Harbin is on a restricted diet, “but can go back to eating normal soon.” There’s medication he will have to take for the rest of his life, along with changing his eating habits with smaller portions and not as quickly. He lost 22 pounds and has to build up some more of his energy and stamina, but “It’s like night and day,” he said. “There’s no pain, I feel normal.”
Harbin repeatedly says he was overwhelmed and humbled to have all the support. “You don’t understand the impact you can have on people,” he said. “One of the reasons I got into coaching and teaching was because I had someone to push me to be better. I was overwhelmed that a coach could invest so much and have such an impact on me. They made me want to teach and coach. Those coaches make you want to be better and more caring and understanding to help impact others.”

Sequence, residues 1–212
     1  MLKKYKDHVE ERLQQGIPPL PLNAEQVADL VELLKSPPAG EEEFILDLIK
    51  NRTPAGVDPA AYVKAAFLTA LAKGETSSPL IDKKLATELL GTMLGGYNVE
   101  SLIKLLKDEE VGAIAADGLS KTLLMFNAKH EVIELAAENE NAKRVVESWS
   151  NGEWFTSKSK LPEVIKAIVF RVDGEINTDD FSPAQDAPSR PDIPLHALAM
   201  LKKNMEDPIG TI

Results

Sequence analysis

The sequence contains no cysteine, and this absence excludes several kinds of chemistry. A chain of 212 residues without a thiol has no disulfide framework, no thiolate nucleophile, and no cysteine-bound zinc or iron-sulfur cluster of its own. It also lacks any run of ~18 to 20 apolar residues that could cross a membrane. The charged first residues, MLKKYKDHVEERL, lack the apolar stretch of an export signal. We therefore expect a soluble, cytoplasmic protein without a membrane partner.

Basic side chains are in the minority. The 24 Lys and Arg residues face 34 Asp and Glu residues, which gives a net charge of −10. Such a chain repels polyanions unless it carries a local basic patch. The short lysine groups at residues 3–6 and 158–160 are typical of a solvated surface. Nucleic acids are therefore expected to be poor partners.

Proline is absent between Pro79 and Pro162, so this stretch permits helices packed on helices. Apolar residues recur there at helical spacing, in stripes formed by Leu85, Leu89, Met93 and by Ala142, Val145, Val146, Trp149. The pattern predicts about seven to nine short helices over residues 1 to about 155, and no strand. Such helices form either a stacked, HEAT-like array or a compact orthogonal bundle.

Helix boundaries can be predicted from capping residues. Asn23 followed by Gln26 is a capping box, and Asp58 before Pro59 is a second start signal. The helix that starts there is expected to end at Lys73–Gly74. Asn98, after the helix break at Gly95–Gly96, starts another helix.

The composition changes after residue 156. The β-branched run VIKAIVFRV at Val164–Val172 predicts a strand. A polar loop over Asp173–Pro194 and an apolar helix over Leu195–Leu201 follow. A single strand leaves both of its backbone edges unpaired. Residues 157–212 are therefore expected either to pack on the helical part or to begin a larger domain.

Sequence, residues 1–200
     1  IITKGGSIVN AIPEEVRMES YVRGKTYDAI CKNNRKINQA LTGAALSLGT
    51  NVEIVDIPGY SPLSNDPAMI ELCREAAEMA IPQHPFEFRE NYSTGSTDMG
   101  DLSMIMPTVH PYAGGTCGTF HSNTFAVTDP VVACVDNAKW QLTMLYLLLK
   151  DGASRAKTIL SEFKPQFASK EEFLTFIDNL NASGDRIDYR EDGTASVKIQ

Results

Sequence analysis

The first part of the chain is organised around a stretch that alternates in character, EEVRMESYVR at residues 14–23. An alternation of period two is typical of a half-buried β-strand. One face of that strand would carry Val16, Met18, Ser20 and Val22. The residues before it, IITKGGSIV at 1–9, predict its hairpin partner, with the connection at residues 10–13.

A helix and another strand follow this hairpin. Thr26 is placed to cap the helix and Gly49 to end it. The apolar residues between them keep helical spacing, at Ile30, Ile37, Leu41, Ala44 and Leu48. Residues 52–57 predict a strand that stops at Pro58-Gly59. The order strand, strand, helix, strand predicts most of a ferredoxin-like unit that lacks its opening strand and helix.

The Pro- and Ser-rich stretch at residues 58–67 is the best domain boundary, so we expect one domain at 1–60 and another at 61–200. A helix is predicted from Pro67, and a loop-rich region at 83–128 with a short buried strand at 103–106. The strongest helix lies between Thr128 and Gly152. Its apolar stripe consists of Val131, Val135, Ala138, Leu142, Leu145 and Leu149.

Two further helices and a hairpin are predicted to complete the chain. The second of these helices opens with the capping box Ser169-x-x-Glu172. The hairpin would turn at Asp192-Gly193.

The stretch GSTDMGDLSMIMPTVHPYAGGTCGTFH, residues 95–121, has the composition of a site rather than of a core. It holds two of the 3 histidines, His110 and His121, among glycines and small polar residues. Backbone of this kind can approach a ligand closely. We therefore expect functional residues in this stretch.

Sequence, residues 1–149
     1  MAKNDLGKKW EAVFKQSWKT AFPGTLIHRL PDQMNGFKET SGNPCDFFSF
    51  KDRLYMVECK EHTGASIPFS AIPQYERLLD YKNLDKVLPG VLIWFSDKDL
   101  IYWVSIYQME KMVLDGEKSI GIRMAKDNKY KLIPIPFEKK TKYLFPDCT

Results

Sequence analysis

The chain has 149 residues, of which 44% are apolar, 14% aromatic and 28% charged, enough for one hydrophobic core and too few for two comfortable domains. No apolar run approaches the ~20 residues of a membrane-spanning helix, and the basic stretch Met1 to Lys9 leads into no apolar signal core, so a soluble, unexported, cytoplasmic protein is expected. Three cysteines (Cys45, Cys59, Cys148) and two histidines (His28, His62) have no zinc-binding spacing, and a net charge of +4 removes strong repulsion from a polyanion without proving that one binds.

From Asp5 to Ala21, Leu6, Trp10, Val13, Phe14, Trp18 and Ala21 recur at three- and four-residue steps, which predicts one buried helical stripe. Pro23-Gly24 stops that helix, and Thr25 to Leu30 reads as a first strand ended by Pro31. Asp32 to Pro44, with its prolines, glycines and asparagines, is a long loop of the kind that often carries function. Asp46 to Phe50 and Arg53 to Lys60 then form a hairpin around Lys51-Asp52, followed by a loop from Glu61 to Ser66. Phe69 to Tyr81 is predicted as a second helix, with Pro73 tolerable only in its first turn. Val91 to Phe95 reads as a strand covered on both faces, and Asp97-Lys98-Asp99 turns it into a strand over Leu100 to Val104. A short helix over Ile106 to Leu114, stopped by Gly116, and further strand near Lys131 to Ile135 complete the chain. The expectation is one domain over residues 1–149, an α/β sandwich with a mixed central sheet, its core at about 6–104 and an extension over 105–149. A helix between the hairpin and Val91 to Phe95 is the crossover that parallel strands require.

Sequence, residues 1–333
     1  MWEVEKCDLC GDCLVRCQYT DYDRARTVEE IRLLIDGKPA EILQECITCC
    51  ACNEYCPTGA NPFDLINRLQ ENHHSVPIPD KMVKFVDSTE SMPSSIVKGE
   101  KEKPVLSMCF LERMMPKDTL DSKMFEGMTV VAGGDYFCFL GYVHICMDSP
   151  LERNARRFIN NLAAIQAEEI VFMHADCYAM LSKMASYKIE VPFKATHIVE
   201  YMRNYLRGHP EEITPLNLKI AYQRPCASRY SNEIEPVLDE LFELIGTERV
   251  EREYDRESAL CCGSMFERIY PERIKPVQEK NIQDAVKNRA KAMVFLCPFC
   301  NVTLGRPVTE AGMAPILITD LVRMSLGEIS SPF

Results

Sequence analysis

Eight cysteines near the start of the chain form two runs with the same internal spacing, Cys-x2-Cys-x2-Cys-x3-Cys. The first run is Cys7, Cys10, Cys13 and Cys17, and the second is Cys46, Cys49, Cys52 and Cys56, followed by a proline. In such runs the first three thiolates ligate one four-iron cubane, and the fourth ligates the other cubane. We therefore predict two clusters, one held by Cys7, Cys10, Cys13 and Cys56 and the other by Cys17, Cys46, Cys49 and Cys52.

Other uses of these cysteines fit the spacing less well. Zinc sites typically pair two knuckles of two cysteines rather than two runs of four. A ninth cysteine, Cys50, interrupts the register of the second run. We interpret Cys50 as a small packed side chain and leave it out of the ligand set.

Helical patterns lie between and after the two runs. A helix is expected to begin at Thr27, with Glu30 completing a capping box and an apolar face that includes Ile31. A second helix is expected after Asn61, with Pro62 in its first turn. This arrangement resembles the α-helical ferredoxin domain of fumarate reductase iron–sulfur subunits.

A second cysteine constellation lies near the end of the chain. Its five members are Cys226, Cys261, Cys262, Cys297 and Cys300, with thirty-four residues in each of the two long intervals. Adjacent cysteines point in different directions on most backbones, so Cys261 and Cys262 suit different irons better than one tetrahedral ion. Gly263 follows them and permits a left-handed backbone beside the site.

Harbin says he would like to get back into coaching and teaching sometime. He feels like he has a lot to give back to our youth today. “When you experience something like this, it does change some of your mindset,” he said. “It reminds you to embrace each day and remember that you can learn to navigate any obstacles that come up. The most important thing is how we cope and navigate what happens to us.”
“One of the most beautiful messages that sports delivers is overcoming adversity,” Harbin says. “As teammates, you have to rely on each other and pick yourself up. That’s what sports is. It’s always about recovery, resilience and moving forward. There are so many people involved in helping an individual achieve something. I truly think that came into play for me. I had teammates cheering for me which made a huge difference.”
One way or another, Rich Harbin wants to be involved in supporting athletics. He had so many people supporting him, now it’s his turn.